But, when sitting down to type this post, I found that my true motivations for leaving were very hard to put into writing. There are a great number of reasons that I applied for and accepted this fellowship, many of which are rather personal and hard to explain. I’ll save the actual reasons for a later post when I can do my reasoning justice and articulate it fully.

The second time I started trying to write was on the plane here. I intended for the blog to be a nice introduction to the work I’ll be doing here, and a humble remark on how I wouldn’t be the one imparting wisdom through my posts, rather the Ugandans would be, with me as their translator. I felt I couldn’t complete this post because I was, and still am, unsure about all the logistics of what I’m doing here and what I will learn. That will come as I go. I’ll keep you updated.

The third time I started writing was a few nights ago, after arriving at Engeye. I wrote about how I was scared. I wrote that I was unsure of what I was doing. I was tired. The combination of learning the clinicians’ names, my way around the compound, my job duties, the village layout, and how to get into the neighboring towns worried me a lot. What do I do at the clinic? Where do I get food? Will I get to know the people here? How can I be away from home for so long? I called my dad. I called my mom. I talked to the other students who are here. They each calmed me down. I went to bed with the reminder to take everything day by day, and that these things will come with time.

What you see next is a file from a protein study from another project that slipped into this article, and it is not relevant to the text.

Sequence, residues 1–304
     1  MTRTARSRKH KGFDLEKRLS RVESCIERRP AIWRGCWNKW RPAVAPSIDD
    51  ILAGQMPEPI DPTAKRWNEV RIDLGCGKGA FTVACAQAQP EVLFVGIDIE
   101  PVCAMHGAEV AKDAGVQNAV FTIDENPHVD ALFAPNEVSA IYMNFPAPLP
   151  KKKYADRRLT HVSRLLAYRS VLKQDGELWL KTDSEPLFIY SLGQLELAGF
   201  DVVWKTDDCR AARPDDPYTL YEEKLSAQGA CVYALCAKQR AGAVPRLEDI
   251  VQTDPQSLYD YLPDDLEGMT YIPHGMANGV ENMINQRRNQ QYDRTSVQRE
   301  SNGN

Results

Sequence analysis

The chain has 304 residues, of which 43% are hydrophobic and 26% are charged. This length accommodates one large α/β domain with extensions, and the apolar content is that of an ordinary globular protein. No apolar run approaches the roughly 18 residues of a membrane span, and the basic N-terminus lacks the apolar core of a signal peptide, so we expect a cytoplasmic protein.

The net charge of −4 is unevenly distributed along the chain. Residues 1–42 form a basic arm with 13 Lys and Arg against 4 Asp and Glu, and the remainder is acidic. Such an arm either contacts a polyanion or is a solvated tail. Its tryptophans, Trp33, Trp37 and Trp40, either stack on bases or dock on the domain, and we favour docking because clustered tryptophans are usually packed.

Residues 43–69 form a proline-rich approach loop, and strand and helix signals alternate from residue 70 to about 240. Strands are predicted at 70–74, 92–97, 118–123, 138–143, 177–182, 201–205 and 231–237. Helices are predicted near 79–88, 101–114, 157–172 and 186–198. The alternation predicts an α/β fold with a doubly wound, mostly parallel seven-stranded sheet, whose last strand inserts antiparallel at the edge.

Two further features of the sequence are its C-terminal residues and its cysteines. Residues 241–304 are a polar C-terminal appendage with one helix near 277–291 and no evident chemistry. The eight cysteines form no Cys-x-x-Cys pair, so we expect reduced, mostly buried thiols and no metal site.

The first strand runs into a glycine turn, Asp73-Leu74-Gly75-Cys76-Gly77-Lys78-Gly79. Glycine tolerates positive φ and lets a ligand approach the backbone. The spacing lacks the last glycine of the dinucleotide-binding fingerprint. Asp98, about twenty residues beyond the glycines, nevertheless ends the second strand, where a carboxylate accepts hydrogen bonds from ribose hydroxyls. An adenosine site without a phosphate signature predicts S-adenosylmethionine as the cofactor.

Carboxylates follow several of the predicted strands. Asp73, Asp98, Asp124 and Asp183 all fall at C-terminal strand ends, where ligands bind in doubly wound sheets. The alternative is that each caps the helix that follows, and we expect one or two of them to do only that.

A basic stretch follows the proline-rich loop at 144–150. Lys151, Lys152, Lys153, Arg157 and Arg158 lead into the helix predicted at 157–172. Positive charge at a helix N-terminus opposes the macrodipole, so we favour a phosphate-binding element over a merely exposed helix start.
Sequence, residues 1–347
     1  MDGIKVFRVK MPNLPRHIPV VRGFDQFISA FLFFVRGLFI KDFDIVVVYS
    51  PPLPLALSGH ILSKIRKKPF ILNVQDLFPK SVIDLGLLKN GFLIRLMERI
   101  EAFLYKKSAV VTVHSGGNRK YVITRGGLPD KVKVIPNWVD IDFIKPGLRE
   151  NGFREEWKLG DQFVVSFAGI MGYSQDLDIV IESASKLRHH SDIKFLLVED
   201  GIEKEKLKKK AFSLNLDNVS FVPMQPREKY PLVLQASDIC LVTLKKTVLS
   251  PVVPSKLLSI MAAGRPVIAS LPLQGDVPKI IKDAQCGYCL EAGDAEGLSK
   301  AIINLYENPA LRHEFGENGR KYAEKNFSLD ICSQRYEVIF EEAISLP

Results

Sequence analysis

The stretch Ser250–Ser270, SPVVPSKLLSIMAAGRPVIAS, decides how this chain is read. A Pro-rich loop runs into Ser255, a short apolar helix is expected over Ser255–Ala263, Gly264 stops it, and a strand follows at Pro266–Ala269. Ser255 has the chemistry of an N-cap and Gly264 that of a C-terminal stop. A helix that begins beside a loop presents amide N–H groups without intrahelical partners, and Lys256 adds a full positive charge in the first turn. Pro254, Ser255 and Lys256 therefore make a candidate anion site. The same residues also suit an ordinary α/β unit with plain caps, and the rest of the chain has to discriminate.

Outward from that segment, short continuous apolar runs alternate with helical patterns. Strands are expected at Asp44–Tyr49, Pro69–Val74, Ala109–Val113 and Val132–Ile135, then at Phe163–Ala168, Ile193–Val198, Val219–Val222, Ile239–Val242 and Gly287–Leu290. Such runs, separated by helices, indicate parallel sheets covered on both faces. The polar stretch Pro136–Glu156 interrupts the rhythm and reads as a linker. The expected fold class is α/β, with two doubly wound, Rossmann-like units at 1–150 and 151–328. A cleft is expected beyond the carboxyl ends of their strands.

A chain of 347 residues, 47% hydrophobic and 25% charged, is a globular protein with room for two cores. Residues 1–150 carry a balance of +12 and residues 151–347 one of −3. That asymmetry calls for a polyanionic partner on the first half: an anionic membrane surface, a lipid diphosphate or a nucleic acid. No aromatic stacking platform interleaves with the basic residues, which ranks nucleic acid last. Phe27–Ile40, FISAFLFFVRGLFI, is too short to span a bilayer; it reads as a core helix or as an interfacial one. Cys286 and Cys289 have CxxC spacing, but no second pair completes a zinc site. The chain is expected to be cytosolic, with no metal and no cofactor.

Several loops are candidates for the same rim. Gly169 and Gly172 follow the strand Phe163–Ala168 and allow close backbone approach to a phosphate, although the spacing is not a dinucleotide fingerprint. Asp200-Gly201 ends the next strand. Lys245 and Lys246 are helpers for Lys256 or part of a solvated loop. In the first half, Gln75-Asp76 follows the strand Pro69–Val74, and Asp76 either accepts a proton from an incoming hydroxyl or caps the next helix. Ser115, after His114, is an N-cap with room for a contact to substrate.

The next morning, I woke up feeling better. The weather has been beautiful every second that I’ve been here so far, and maybe the toilets aren’t so bad. Amy—the other Minerva Fellow—and I walked around the village. The children waved at us and stared as if we were a spectacle. They pointed and called us “Mzungu,” which translates somewhat to “traveler” but mostly refers to “white person.” We passed villagers and their huts made of mud. Right now, things are all still new, but they are also still a bit scary. I hope that the intimidating aspect will wear off soon, so I can truly enjoy the novelty of being in such a different and beautiful place. I have never done anything comparable to this in my whole life, and I may never again. I want to take it all in and fully appreciate everything before it becomes ordinary. I have fresh eyes. I know that once I am comfortable here, I may not see things the same way as I will over the first couple of weeks.